Tuesday, January 4, 2011

Our Lady of Guadalupe and Dialogue Between the Two Forms of the Latin Rite

We're nearly a month removed from the celebration of Our Lady of Guadalupe, but at the time I was busily preparing young minds for their final examination over Catholic Social Teachings. Besides the obvious fact that the celebration has exploded on these shores as the Church in the U.S. becomes more and more Hispanic, there was a more subtle thing that took place that I think deserves some commentary.

This year, Our Lady of Guadalupe fell on a Sunday. As the largest devotional day of the year for the Catholic Church in America, this presented the Bishops of our country with quite the conundrum. When the Mass was revised by Pope Paul VI following the directives and initiatives of the Second Vatican Council, one of the many changes that was implemented was the doing away with multiple commemorations at Mass. In the Extraordinary Form (the Latin Mass) it is possible to remember more than one saint or celebration on any given day. The way the Extraordinary Form (the EF from here on) handles this is by simply having more than one opening prayer and more than one closing prayer. For example, if there is a Sunday Mass that falls on the feast of Our Lady of Fatima, the priest would offer up a prayer at the beginning of the Mass composed for the Sunday, everyone would respond "AMEN" and then the priest would say a second time "Let us pray" followed by the opening prayer for Our Lady of Fatima, and people would again respond "AMEN".

This is important and relevant because this practice was done away with, and the highest ranking celebration on a day is the only one that can be used. Therefore in the Mass after the Council, a priest must always, on a Sunday, use the prayers and readings for that Sunday ONLY (unless, of course, GIGANTIC celebrations fall on a Sunday such as Easter, Jan. 1, etc., which happens next year FYI). The Bishops of our country had to send out reminders to their priests for Guadalupe weekend that they were not allowed to use any of the prayers, prefaces, or readings for Our Lady of Guadalupe.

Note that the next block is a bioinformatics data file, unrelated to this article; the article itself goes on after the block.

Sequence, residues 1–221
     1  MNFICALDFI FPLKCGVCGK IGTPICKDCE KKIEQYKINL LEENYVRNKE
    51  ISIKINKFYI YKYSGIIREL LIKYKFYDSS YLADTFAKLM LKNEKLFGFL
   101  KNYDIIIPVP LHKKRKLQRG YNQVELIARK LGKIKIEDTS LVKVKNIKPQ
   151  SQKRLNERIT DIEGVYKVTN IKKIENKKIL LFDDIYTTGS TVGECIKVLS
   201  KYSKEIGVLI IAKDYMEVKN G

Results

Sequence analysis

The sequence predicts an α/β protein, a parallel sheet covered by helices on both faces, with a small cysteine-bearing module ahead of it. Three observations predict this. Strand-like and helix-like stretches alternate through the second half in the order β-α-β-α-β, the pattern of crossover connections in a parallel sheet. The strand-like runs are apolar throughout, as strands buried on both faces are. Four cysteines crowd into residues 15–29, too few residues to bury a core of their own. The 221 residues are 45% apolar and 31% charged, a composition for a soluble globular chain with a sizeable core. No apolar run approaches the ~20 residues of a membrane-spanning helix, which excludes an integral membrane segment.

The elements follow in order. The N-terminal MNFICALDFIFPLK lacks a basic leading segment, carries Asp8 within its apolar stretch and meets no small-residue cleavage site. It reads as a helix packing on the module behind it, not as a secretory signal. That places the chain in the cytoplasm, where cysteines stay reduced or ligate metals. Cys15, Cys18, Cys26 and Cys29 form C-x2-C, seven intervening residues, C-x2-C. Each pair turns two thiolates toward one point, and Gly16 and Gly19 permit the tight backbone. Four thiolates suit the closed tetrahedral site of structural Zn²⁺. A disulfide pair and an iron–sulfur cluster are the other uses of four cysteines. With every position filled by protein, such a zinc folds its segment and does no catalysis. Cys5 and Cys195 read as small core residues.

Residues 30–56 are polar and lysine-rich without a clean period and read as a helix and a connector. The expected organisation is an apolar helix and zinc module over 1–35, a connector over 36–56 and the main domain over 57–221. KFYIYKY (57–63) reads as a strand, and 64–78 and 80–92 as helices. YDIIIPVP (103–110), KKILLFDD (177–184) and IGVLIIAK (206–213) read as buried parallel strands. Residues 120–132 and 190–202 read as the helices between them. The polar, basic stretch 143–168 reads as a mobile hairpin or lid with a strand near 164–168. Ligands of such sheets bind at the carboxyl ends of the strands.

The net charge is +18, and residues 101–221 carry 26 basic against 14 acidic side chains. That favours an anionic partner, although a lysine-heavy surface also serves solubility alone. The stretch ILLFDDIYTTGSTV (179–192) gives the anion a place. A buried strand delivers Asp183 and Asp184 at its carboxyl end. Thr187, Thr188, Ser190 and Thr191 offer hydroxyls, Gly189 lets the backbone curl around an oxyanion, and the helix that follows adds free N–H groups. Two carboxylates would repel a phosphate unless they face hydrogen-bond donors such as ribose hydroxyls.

The reform of Paul VI with regard to the number of prayers had a practical purpose - cleaning up the number of prayers (I believe it is possible to have up to 5 opening and closing prayers on a day in the EF). Certainly simplifying the number of opening and closing prayers down to one seems appealing and is more functional. HOWEVER, in cases where the people are clamoring for a way to honor a patroness or some other person with great devotion (as was and will continue to be the case with Our Lady of Guadalupe) the Church is NOT ABLE to make any part of the Mass devoted to Our Lady of Guadalupe (other than perhaps a nod in the petitions). So a reform that seemed to make sense and seemed to be very sensible is now exposed as having flaws over time.

I find it ironic here that the "old, stale, conservative, and curmudgeonly Mass" as it is often viewed, was able to be pastoral and to still honor Our Lady of Guadalupe, while the Mass in the Ordinary Form was unable, because of the reform mentioned above, to meet the needs of our Hispanic brothers and sisters who have such a strong devotional life. The only option the Bishops were left with was transferring Guadalupe to Saturday or Monday, but most Hispanics balked at that.

I bring this all up in order to talk about a larger issue - the "reform of the reform" that Pope Benedict has occasionally talked about. It is well documented that most of the reforms that priests have carried out around the world in the liturgy were never envisioned by the Council or Pope Paul VI. Pope Benedict has also brought up, though, the idea that even some of the reforms that the Council and Pope Paul VI implemented should now be open for discussion and possible reform. For making this comment he has been blasted by Catholic progressives (who, ironically, seem to lose their penchant for reform and change when reforming the reform is mentioned). The issue that I think the Holy Father wants us to think about, though, is this - what can we do to A) first and foremost actually implement what the Council ACTUALLY SAID but also B) what things, now that we've lived with them for approaching 50 years, can be tweaked now that we've got a body of experience built up after living with the changes for so long.

We'll see what Rome has to say on this topic in the future, but I think this is an important issue to look at and discuss.